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There are two major components that underpin diversity of thought for decision-making groups:
1. Group composition: The inherent potential of individual group members to think differently from each other.
2. Group culture: The attitudes, practices and group dynamics that influence individual group members openness to publicly share their thoughts and for group members to actively attend (listen) to the perspectives of others.
The impact of group composition is always mediated by the effect of group culture.
Diverse thinking groups can avoid the unchallenged decision-making characteristic of "groupthink" by making decisions based on facts instead of influence, authority or group allegiance.
Improving representative or demographic diversity in gender, ethnicity or age is important for both social justice and access to deeper talent pools.
It will also increase a decision-making group’s capability for diverse thinking around the represented characteristic/s but it will not necessarily increase diversity of thought more broadly. Experiences, perspectives and thought preferences may actually be similar across the group. For example: Adding a male accountant with a similar background to a group of female accountants may not materially increase diverse thinking, except in gender experience.
Organizations regularly benefit from having board members, executives or other team members with different vocational experience, functional skills or network connections. Specific diversity that can bring expertise that is a good fit with particular complicated problems where specific expertise is essential – a “horses for courses” approach.
Organizations readily manage the diverse thinking associated with specific diversity of thought by mapping their strategic requirements to a skills matrix to ensure they currently have or can recruit people with the desired attributes.
In contrast, wide-ranging diversity of thought leverages the cognitive diversity of the “wisdom of crowds” to address complex problems - those where there may be no clear ‘best’ solution.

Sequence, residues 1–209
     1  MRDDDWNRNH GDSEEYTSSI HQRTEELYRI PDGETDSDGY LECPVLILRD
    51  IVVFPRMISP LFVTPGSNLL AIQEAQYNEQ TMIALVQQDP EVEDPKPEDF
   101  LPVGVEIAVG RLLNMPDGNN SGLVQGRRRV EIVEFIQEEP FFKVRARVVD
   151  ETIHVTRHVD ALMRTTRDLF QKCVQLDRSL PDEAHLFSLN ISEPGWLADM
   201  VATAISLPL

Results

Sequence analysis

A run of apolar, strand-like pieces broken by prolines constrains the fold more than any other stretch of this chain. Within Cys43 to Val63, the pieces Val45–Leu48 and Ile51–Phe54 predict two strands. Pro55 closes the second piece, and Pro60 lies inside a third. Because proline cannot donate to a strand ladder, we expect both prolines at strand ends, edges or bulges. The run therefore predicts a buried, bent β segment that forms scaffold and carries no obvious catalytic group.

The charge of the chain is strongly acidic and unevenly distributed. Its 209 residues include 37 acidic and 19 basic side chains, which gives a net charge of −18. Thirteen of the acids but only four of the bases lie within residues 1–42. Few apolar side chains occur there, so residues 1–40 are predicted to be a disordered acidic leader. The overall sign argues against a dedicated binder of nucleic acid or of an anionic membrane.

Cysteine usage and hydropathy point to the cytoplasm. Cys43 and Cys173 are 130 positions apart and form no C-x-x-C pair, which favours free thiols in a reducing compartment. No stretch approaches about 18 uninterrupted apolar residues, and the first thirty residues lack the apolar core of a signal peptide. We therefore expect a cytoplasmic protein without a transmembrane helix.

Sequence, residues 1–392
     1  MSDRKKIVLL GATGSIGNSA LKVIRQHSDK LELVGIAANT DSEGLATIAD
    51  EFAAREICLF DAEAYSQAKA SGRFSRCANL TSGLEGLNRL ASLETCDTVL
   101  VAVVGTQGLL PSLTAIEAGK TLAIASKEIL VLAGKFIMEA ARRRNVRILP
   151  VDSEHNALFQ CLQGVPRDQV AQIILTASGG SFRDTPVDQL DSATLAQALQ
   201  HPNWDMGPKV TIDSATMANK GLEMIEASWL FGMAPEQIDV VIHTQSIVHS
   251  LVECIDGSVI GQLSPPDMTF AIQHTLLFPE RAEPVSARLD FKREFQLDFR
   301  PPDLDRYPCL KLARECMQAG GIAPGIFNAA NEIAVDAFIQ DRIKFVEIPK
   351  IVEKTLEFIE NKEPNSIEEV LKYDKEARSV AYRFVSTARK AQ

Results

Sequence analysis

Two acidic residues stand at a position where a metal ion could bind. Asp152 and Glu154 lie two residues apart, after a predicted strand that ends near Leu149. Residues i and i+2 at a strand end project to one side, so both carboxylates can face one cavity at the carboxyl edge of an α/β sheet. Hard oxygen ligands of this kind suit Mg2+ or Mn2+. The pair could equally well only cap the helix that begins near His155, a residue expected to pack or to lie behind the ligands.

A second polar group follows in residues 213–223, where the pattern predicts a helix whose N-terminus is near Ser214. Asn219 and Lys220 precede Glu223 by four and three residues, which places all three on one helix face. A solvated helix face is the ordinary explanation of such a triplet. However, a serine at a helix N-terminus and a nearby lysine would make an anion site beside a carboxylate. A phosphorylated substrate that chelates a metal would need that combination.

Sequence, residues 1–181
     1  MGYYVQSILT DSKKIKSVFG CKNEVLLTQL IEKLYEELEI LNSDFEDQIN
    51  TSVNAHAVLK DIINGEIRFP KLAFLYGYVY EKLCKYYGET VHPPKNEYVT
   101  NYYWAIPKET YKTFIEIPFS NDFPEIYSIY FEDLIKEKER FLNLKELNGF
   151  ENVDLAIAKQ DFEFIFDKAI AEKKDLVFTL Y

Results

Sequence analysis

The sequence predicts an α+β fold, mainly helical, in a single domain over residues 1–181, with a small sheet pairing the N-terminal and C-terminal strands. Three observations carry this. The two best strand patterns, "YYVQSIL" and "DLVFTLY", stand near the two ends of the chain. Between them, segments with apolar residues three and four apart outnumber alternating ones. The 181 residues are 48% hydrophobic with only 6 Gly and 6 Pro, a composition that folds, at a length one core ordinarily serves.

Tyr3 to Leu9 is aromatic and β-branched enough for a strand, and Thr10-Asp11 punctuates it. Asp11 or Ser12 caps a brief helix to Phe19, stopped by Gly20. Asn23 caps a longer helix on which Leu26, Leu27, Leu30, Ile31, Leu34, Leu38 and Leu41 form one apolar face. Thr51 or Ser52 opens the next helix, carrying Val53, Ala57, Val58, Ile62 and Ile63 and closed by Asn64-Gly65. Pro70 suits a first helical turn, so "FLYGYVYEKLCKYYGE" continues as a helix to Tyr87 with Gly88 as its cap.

Groups with wide-ranging diversity of thought draw on different experiences, perspectives and cognitive preferences to avoid unchallenged assumptions ('group-think'). They can also demonstrate increased creativity and innovation by conceiving alternative approaches to both opportunities and challenges.
The benefits of this broader type of diverse thinking are often cumulative, although realizing them requires a culture where dissent is welcomed to ensure that decisions are sufficiently challenged, and every group member is able to fully contribute to decision-making.
Surowiecki, J. (2004). The wisdom of crowds. London, UK: Doubleday.
Page, S. E. (2007). Making the difference: applying a logic to diversity. Academy of Management Perspectives, 21 (4), 6 – 20.
Professor Scott E. Page, an American social scientist and his colleagues, have used computational experiments to study the decision-making performance with complex decisions.
He found that random ("diverse thinking”) groups of problem solvers can routinely outperform groups of experts. This happens because experts tend to have a consensus approach to problem solving, whereas a group with diversity of thought are likely to use a much broader range of tactics. They can conceptualize problems in new ways and increase the potential solutions available to them. Experts can still play a role in addressing complex problems. However, it is better to have a diverse group of them.
Reference: Hong, L. & Page, SE. (2004). Groups of diverse problem solvers can outperform groups of high ability problem solvers. Proceedings of the National Academy of Sciences. 101, 16385 – 16389.
The term Groupthink was coined by Irving Janis (1918 - 1990). If a group becomes overly cohesive they may minimize conflict and rush to consensus instead of properly considering alternative options. Warning signs for the presence of groupthink include:
Diverse thinking groups have difference in their mindsets and worldviews. They can avoid the unchallenged decision-making characteristic of groupthink by making decisions based on facts instead of influence, authority or group allegiance.
The DOT Scorecard quantifies potential for diverse thinking by measuring pertinent characteristics within three categories: experiences, perspectives and thought preferences.
The DOT Scorecard has been designed and validated with governance boards and senior leadership teams but can be applied to any decision-making group with 5 to 25 members.
Diversity (noun) The condition of having or being composed of differing elements;
Diversity is far more (diverse!) than more externally observable such as gender, age, ethnicity and even sexual orientation or disability/ability. There are numerous other characteristics that could be considered - such as different ways of addressing problems (cognitive diversity), differences in experiences, skills or beliefs.
An individual is not inherently diverse or non-diverse, instead the presence or degree of diversity is related to who an individual is compared to.